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During Triassic times, the Northern Calcareous Alps were situated at the northwestern margin of the Tethys ocean. Succeeding the Permian and Lower Triassic red bed stage, shallow-water carbonates were the main constituents of the Middle and Late Triassic strata, in addition to some mixed carbonate-clastic deposits and basin carbonates. Biostratigraphic data enables exact positioning of the depositional sequences. Despite many good correlations with other Alpine regions as well as with epicontinental Triassic units of central, northwestern and northern Europe, no correlative sequences exist in the Northern Calcareous Alps during late Anisian, late Ladinian, early Carnian and probably Norian times. Variations resulted from local (basin-wide) controls, mainly caused by diverging subsidence patterns. While second-order trends roughly correspond with other Triassic basins, peak transgressions and maximum regressions show some differences.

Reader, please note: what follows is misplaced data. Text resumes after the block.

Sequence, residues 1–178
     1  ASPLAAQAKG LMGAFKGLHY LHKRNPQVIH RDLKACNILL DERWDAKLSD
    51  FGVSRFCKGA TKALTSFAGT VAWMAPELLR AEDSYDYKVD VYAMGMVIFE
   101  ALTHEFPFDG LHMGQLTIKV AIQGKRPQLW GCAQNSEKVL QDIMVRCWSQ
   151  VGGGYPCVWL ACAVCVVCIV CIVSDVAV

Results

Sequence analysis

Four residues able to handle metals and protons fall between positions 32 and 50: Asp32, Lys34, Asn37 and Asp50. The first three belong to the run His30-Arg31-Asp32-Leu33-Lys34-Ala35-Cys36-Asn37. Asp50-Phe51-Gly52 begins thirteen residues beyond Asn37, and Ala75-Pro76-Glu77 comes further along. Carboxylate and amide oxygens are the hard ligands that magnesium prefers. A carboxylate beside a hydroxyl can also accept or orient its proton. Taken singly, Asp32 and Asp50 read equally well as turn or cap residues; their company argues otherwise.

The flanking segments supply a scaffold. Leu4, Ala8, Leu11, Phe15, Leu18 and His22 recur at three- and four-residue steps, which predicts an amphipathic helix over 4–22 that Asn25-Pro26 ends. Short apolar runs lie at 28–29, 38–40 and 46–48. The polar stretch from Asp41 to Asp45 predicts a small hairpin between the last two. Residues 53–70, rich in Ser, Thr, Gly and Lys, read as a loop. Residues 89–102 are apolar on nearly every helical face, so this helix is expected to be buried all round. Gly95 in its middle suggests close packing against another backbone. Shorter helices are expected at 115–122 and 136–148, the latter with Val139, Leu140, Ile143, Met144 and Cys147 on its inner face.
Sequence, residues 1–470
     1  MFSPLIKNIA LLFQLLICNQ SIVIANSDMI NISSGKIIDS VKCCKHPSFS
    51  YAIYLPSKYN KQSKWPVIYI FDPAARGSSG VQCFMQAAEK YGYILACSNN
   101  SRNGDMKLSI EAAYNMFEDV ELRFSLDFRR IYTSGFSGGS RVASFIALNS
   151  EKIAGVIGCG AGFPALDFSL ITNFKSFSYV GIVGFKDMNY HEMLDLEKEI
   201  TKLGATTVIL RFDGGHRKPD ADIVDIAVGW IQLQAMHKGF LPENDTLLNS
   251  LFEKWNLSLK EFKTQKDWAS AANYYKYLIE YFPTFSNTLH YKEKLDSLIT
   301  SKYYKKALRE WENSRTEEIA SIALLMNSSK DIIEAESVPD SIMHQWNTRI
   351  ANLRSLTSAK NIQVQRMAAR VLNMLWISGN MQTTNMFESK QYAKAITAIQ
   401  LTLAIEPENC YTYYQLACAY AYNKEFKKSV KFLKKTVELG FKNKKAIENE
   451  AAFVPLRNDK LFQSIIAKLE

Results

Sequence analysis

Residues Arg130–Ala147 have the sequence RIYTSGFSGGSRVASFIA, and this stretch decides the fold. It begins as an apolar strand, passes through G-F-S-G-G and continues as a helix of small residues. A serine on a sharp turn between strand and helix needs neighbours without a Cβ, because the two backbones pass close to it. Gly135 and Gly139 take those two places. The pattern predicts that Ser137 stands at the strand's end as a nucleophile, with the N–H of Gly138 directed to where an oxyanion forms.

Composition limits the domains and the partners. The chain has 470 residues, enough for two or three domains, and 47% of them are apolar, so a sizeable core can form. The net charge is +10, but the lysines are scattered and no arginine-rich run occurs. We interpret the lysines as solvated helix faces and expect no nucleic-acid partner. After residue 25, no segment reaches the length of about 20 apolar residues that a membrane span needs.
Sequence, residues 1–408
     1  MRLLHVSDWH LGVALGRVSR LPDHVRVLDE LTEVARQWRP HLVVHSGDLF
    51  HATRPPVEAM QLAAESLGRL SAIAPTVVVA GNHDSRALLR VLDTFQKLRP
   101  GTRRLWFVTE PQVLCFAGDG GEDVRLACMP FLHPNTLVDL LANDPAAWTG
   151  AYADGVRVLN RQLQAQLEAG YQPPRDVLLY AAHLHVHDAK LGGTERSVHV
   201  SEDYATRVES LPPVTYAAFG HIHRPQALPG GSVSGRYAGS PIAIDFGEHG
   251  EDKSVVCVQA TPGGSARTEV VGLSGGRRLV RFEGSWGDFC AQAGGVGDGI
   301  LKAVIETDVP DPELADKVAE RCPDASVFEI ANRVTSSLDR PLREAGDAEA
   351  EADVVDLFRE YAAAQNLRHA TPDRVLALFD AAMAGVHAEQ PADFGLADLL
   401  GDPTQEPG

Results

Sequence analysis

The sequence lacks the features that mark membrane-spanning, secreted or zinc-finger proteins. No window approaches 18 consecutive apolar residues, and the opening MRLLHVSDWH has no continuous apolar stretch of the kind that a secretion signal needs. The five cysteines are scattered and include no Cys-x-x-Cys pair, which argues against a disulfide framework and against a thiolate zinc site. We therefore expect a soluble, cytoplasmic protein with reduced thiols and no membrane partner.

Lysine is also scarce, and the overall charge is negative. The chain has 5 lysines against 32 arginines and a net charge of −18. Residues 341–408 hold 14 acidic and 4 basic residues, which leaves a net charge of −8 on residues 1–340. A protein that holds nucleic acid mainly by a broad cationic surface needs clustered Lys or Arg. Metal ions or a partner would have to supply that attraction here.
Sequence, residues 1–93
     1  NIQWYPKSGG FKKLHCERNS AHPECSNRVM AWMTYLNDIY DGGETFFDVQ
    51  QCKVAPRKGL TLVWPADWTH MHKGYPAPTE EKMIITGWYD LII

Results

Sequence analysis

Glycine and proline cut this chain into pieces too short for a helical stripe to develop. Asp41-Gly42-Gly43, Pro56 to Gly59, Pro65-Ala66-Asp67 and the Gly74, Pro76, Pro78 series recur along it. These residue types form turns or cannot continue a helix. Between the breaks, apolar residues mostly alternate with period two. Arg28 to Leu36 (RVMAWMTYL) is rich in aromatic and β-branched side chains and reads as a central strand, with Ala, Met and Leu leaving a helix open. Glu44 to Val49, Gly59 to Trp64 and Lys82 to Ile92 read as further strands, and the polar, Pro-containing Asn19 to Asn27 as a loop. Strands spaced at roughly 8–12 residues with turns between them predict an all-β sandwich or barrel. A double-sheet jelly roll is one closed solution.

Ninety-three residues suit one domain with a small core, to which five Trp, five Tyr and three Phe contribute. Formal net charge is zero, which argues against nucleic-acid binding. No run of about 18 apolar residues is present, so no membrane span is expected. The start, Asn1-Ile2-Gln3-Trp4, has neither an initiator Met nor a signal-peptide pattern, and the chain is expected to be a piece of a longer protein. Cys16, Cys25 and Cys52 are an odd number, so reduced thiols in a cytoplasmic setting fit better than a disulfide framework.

Separated by postdepositional Alpine strike-slip and thrust tectonics from the stable European northern hinterland, definition of third-order sequence boundaries is often problematic in the Northern Calcareous Alps. Without unconformities, sequence stratigraphy sensu Vail and coworkers cannot be applied in a strict sense. Transgressive and maximum flooding surfaces comprised the best marker horizons for correlationing sequences. A working procedure that incorporates at least parts of the genetic stratigraphic sequence model of Galloway (1989) proved extremely helpful in working with these successions.

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